By Sarah Molano and Ashley Strickland, CNN

(CNN) The last supermoon of 2021 — the «strawberry» full moon — will rise Thursday.

Viewers will see a large golden (sorry, not strawberry-colored) moon for two to three nights, according to EarthSky.

This supermoon becomes completely full at 2:40 p.m. ET on Thursday afternoon. It won’t be fully visible in North America until later in the evening during «moonrise,» when the sun sets and the moon ascends into view. But viewers all over the world can see the strawberry moon, depending on where they are in respect to the horizon.

Definitions of a supermoon can vary, but the term generally denotes a full moon that is brighter and closer to Earth and thus appears larger in the night sky.

«The term ‘supermoon’ is much more recent and has come to be any full or new moon within 90% of its closest approach to Earth,» wrote Christine Shupla, education and public engagement manager at the Lunar and Planetary Institute, in an email. «By that definition, the full Moon on June 24 is also a supermoon, even though it is not as close as the full Moon was in May or April.»

Some stick to a stricter definition of supermoon, like Noah Petro, a lunar scientist at NASA’s Goddard Space Flight Center. For him, the only real supermoon is the one closest full moon of the year, which was last month’s «flower» moon. Still, he acknowledged that others use the definition Shupla provided.

«That there is no standard definition is a bother, but anything that gets people interested and excited about looking at and wanting to know more about the Moon is a great thing!!!» Petro wrote in an email.

The strawberry moon is the first of four full moons of the summer season. Its name, which originates from Indigenous peoples, refers to the ripening of strawberries and other fruits that occurs in late spring and early summer.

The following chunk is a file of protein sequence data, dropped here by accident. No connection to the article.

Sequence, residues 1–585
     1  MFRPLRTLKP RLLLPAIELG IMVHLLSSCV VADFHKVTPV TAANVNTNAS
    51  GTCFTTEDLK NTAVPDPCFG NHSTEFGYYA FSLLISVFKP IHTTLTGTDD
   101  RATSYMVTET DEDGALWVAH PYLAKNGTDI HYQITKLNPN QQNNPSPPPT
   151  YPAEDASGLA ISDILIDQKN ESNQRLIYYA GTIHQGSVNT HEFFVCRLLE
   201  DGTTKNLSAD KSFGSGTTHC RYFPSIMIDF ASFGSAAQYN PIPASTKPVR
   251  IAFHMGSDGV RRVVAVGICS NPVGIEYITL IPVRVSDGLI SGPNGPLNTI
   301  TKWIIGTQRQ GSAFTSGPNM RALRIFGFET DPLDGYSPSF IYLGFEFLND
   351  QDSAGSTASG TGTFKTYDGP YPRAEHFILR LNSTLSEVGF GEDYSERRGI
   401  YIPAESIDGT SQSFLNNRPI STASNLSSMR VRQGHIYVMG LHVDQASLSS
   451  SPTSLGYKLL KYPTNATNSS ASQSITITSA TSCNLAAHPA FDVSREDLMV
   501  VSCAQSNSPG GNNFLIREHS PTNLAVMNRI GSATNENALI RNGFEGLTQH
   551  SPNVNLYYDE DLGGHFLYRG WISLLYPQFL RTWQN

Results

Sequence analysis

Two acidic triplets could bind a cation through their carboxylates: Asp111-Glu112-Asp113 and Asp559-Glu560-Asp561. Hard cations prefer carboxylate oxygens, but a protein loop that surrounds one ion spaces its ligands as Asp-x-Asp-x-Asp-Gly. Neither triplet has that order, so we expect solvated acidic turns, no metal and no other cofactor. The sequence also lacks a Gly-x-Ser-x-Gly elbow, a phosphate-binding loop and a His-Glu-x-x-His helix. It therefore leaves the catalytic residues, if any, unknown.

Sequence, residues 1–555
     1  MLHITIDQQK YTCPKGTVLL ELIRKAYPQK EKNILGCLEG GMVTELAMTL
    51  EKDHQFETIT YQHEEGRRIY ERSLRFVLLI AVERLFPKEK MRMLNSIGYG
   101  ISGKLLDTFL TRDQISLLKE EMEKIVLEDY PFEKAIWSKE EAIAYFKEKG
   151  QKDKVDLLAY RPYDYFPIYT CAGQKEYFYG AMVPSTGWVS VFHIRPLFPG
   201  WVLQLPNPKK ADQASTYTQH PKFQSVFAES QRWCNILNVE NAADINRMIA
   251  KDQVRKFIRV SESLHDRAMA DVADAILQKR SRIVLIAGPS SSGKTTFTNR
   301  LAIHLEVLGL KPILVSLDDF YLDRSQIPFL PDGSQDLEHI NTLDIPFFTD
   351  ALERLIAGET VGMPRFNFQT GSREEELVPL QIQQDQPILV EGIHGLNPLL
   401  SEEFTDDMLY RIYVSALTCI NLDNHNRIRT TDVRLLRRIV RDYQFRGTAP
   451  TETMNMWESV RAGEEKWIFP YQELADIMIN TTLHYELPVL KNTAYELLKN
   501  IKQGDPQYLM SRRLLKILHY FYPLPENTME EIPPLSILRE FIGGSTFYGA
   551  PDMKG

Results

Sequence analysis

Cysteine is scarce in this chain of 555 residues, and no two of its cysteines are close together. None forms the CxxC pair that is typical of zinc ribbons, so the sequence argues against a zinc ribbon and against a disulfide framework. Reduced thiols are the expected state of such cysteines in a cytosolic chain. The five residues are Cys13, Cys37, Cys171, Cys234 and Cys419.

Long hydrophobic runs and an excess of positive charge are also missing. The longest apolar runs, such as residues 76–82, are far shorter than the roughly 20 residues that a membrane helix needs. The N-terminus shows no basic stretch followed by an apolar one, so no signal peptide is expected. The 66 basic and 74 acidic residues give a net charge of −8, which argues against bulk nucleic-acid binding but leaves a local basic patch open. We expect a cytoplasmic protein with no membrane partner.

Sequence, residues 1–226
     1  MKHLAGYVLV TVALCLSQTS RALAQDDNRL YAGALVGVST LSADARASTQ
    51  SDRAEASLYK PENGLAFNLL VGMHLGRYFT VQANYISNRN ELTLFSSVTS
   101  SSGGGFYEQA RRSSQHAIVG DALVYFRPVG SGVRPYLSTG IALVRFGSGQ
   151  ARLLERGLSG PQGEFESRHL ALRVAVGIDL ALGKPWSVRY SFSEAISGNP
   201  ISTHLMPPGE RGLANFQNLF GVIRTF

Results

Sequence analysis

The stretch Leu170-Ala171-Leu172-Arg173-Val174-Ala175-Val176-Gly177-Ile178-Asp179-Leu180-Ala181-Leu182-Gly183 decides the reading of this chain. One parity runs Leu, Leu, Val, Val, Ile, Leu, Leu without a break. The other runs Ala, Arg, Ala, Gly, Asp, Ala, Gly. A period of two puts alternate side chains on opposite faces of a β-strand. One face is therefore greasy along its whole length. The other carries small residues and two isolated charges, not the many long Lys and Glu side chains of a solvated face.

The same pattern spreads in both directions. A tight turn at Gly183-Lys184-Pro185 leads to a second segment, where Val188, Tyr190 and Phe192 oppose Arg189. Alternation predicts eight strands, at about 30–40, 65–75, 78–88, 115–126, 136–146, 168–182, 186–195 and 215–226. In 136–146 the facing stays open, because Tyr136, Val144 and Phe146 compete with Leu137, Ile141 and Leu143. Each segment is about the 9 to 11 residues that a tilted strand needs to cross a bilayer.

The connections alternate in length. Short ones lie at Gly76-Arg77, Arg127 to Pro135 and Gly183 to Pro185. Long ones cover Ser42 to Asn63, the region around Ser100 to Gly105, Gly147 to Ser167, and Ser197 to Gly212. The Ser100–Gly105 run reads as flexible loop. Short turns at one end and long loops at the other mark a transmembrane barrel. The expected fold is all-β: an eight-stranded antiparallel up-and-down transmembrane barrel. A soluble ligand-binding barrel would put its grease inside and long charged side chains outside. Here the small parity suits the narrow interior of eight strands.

The Sioux, Chippewa and Ojibwe communities, for example, refer to the June full moon as the strawberry moon, according to the Western Washington University Planetarium website. Other groups have given it slightly different names that still give a nod to June’s fruit-bearing season, such as the Creek term «kvco-hvsee,» or «blackberry moon.» The Haida call it «gáan kungáay,» meaning «berries ripen moon.»

Many tribes, however, have monikers for June’s full moon that have nothing to do with fruit, including the Potawatomi tribe’s «msheke’kesis,» or «moon of the turtle» and the Tlingit’s «at gadaxeet dis,» or «birth moon.»

The June full moon’s European alternatives are «honey moon» or «mead moon,» according to The Old Farmer’s Almanac. This may be due to June’s reputation for being the month of marriages, and could be where the use of the term «honeymoon» for post-wedding vacations originated.

Typical of a normal year, 2021 has 12 full moons. (There were 13 full moons last year, two of which were in October.)

Here are all of the full moons remaining this year and their names, according to The Old Farmer’s Almanac:

July 23 — buck moon

August 22 — sturgeon moon

September 20 — harvest moon

October 20 — hunter’s moon

November 19 — beaver moon

December 18 — cold moon

Be sure to check for the other names of these moons as well, attributed to their respective Native American tribes.

Here is what else you can look forward to in 2021.

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